Dwayne knew how this story played out. No need to stick around. He fished a few dollars out of his pocket for a tip and laid the money on the counter.

“He wants to put me on his check,” Ike said, smiling. “Don’t you, Dwayne?”

Elle shook her head, as one might to an obnoxious child. “He doesn’t have a check. He’s Frank’s dad.”

“This is Ike,” Dwayne told her. “I’m sorry to leave you alone with him, but if he gets too fresh I’m sure you can whoop his ass.” He walked out into the cool September air and climbed into his pickup.

Dwayne and his wife Donna lived on Route 20, about five minutes from the center of town. At one time, before the the government built the highway system, 20 had been a major road for east-west travel in this part of the country. Now, it was like any other two-lane Pennsylvania road–pockmarked with potholes as it wound through a hundred small and half-forgotten towns.

During the day, he was supposed to be running an antique store along that road, although he came and went when he felt like it. Sometimes, he forgot to lock the door to the shop, and he’d walk around trying to remember if everything was still where he’d left it. It was hard to tell, there was so much stuff. And his mind wasn’t what it had been.

He specialized in old local memorabilia: faded postcards of regional attractions, yellowed newspaper clippings, self-published amateur history books about Union County. Most of these were acquired at flea markets and estate sales, which accounted for his irregular business hours. Customers were pretty good about waiting if they needed anything like that. They knew Dwayne had done the legwork.

An old black truck waited for him in the driveway when he pulled in. A man in his thirties sat behind the wheel with his window rolled down, smoking a cigarette. Dwayne knew the guy, but he couldn’t remember the name.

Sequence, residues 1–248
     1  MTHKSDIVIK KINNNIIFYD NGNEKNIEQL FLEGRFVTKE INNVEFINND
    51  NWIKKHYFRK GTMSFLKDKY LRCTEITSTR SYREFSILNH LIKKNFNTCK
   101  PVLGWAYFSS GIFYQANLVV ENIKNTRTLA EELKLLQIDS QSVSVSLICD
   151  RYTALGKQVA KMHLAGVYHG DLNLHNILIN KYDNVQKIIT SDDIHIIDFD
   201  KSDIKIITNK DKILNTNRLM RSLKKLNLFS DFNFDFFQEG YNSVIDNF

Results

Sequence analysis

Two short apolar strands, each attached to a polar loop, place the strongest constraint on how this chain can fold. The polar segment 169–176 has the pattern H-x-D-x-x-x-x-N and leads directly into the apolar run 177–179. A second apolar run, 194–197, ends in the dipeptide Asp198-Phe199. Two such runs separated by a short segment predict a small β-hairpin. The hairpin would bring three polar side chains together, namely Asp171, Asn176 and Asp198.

“Hey, Dwayne,” the man said, sliding out of the cab. “Do you mind if I smoke?”

“Hell no. I ain’t the government.” What was this guy’s name?

“I’ve got something pretty specific I’m looking for,” he said. Dwayne turned the key, quietly relieved that the door had been locked this time.

“I might have it, unless you’re getting too specific.” The men entered the shop, which was packed to the rafters with seemingly random items–furniture, cast-iron cookware, knives, wooden toys. Dwayne loved local history, but he couldn’t turn down a deal, either.

Cassidy was his name, he remembered. Max Cassidy. He was in the volunteer fire department with Frank.

“We used to have fur trade in this area, right?”

“Go back far enough, sure. I don’t have any fur, though.”

“I don’t need fur,” Max said.

“That’s good. You’d have some animal rights asshole throwing paint on you.” Dwayne laughed and passed Cassidy a tin cup to use as an ashtray.

“I need some traps, the kind that snap on an animal’s leg. You have any of those?”


About semiblind

Bringing you stark existentialism since 1981.